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Provided by Neylan McBaine
Ariel Bybee poses for a photo in Italy.

SALT LAKE CITY — Ariel Bybee — Utah resident, opera singer, soloist, university professor and opera director — passed away at the age of 75 on March 20, due to myelodysplastic syndrome, a rare blood disease.

A queen of mezzo-sopranos, Bybee was renowned for her 18 seasons and over 450 performances at the Metropolitan Opera as a principal artist. Recognized for singing roles such as Annio in “La clemenza di Tito” by Wolfgang Amadeus Mozart and Suzuki in “Madama Butterfly” by Giacomo Puccini, critics lauded Bybee for her technical finesse and commanding stage presence.

But while Bybee sang on stages that most aspiring artists only dream of, it wasn’t her success that meant most to her colleagues, friends and family. For them, it was Bybee’s dedication to inspire, her natural empathy for others and her strong commitment to her craft that made her an artist in the truest sense of the word.

Early career

Provided by Neylan McBaine
Ariel Bybee in the role of Annio in Mozart’s "La clemenza di Tito."

After earning her bachelor’s degree from Brigham Young University, Bybee was off to the San Francisco Opera where she performed for five seasons, including the title role in Georges Bizet’s “Carmen.” Looking for an accomplished accompanist to rehearse with, she came across Judy Billeter-Dunford, and the two quickly became fast friends.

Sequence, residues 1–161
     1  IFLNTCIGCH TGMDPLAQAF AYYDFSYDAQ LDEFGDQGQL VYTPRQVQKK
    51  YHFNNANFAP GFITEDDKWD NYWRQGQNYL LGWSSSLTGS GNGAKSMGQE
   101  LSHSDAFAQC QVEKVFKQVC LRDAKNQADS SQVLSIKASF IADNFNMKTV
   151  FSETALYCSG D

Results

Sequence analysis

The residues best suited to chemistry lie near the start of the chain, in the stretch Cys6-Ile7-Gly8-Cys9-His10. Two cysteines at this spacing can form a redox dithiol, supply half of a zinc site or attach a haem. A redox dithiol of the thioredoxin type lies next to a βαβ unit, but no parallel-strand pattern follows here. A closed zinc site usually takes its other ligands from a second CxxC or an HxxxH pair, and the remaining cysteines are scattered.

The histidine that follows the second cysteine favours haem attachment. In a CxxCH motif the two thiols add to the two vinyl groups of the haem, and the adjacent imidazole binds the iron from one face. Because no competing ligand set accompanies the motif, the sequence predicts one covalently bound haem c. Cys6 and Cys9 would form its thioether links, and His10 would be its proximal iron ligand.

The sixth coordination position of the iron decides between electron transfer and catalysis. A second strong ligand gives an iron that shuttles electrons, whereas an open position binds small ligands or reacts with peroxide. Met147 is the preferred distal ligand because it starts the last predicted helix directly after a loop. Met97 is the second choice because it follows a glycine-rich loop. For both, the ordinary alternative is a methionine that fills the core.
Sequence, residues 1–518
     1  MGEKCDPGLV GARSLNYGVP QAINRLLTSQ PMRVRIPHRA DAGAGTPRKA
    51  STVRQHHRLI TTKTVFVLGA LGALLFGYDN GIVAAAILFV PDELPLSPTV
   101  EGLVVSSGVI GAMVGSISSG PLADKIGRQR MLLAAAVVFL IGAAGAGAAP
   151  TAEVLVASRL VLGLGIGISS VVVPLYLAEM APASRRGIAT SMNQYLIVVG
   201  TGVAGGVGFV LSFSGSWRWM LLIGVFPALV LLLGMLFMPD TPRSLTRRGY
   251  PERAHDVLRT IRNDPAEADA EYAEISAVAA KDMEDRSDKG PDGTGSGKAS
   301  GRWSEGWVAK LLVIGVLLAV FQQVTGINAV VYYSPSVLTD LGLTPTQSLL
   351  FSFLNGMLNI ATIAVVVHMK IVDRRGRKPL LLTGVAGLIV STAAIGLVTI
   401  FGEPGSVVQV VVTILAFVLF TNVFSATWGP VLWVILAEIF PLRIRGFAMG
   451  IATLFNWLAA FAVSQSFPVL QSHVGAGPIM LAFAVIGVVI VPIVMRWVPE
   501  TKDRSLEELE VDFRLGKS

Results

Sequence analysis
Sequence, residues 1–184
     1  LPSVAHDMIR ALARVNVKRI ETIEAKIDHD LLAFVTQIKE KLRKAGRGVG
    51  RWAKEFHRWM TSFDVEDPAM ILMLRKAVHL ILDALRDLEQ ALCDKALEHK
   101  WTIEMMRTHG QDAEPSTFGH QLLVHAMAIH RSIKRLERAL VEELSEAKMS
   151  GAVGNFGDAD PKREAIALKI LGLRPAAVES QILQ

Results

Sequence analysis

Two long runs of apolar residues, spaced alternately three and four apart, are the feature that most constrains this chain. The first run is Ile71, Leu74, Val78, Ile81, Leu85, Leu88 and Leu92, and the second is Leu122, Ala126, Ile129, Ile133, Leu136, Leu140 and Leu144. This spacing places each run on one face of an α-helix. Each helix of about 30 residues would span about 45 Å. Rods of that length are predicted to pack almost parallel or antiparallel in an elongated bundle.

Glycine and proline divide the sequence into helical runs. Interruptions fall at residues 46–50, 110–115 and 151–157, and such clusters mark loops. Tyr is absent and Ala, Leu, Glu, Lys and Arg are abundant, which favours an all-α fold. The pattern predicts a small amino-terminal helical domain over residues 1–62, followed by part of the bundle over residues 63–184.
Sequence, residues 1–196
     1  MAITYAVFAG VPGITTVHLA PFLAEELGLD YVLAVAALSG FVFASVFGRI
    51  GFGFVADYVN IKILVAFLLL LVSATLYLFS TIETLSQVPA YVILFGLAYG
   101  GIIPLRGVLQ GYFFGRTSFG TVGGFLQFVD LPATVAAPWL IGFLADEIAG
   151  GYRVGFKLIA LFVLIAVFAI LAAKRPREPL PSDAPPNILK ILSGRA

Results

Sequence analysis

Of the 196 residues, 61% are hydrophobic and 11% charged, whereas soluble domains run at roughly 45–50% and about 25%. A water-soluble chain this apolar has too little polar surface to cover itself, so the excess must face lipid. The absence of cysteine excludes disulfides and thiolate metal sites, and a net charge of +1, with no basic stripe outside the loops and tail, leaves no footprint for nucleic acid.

“She was just dynamic” said Billeter-Dunford, laughing at Bybee’s flair for fashion and propensity to throw fabulous parties. “She’s one that you would definitely notice in a room.”

Rehearsing together weekly on Friday afternoons, Bybee would practice her arias while holding Billeter-Dunford’s newborn baby. And while the pair thought their days together were over when Bybee landed her gig at the Met, they kept in touch, performing well over 100 times together over their 47-year friendship. From nightly shows on the Queen Elizabeth cruise ship in the 1970’s to touring China together in 2006, performing felt effortless — almost as though they breathed together — Billeter-Dunford said. And even when Bybee moved back to Salt Lake City and her condition worsened, the friends still bonded weekly over music as they had earlier in their careers.

“I would always play her music when I went to see her," Billeter-Dunford said. "Even the day she died I played some of her arias.”

The Met

Bybee’s daughter, Utah resident Neylan McBaine, really had two homes growing up — the one that she slept in and the other where her mother performed. The Met became her home away from home — the place where she learned to knit outfits for her Cabbage Patch dolls with help from the crew — and where she truly fell in love with opera.